Erica Warkus: conservation biology and ecological sustainability
When Erica Warkus began her undergraduate career at ASU, she had no idea that four years later she would be studying marine biodiversity, on the path toward becoming a doctor.

Lisa Robbins

editor/publisher, Media Relations and Strategic Communications


Grad meets future wife, starts new venture at ASU

May 1, 2012

Four years ago Eric Lehnhardt came to Arizona State University, where he met the love of his life, discovered his passion and started a new social entrepreneurial venture with a team of students to feed the Valley’s hungry.

His ASU journey started when he joined the Barrett honors community his freshman year, and quickly became fast friends with other students on his floor. Eric Lehnhardt Download Full Image

“We wound up having a very close-knit floor," Lehnhardt says. "We did a secret Santa that first year and still do it.”

One of those original students on his floor is now his fiancee, Loni Amundson. After meeting as friends during their freshman year, the two began dating about a year later and will be married in Flagstaff, Ariz., in August. “We were friends from the beginning,” he says.

Lehnhardt also discovered biomedical engineering at ASU. Choosing this major offered the chance to use his engineering skills to improve health care while working in a challenging field.

Another highlight was the Engineering Projects in Community Service (EPICS) program in ASU’s Ira A. Fulton Schools of Engineering that proved to be an inspirational endeavor, as it was instrumental in developing the FlashFood concept to feed the Valley’s hungry that earned top Microsoft Imagine Cup national honors.

“EPICs was a really interesting course," Lehnhardt says. "Students problem-solve and tackle things that are not typical engineering problems. The emphasis is on social entrepreneurship.”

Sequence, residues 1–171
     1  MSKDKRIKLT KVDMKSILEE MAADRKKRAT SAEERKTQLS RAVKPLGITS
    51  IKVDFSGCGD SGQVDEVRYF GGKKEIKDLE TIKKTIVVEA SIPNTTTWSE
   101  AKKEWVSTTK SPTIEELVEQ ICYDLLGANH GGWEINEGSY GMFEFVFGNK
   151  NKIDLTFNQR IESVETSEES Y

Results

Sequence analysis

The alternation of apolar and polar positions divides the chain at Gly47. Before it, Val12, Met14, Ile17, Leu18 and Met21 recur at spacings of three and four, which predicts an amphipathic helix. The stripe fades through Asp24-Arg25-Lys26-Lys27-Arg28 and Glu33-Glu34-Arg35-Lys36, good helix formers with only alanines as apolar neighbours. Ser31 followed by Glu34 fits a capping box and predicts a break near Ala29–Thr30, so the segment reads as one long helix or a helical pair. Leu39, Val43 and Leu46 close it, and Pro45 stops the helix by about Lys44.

That spirit of social entrepreneurship earned Lehnhardt and his ASU team – Jake Irvin, Katelyn Keberle, Steven Hernandez and faculty advisor Richard Filley – a first place finish in the Microsoft Imagine Cup U.S. Finals in the Design Software category for their FlashFood project that focuses on providing food to areas in the Valley that are “food deserts,” or only served by fast food or convenience stores for a mile or more. Some people who live in these food deserts have to choose between dinner and paying for necessities, such as electricity.

“There are a lot of food deserts and food insecurity in Phoenix," Lehnhardt says. "At the same time, there is a lot of perfectly good food that goes to waste here. The main issue is distribution.”

FlashFood uses a system of text messaging, a smartphone app and a website to take food left over from events, such as a convention or catered seminar, and then distribute it as quickly as possible to the hungry in the Phoenix metropolitan area.

Those who have leftover food can use the app or visit the website and then put the information into the network to alert volunteer drivers to pick up food and transport it to a needy neighborhood, where those in need are informed through text messaging that food is available at a specific location.

“We’re currently developing our pilot program,” he says. So far the project has earned $14,000 in prize money, and FlashFood has advanced to the Imagine Cup World Finals, set to take place this July in Sydney, Australia.

Between his time working on FlashFood and studying for classes, Lehnhardt also has contributed to research in Michael Caplan’s lab, where he has focused on translational work, such as working with cells that line the arteries and veins, and examining how the cells change in micro-environments in order to explain disease states such as diabetes. Caplan is an associate professor in the School of Biological and Health Systems Engineering, in ASU's Ira A. Fulton Schools of Engineering.

“I have diabetes on both sides of my family,” Lehnhardt says.

Lehnhardt also enjoyed a stint working with cells in Krystyn VanVliet’s lab at MIT for a summer internship, and he traveled abroad for a semester in Spain during his sophomore year. In Spain he traveled the country and enjoyed the culture that eschews stress.

“I loved the relaxed culture,” he says. “That was one of the best experiences of my undergraduate career.”

After graduation this May, the summer will bring a new challenge when he undertakes an internship for a company that makes materials used in medical devices. After that, he may continue his studies, or he may pursue FlashFood and help solve the Valley’s hunger problem.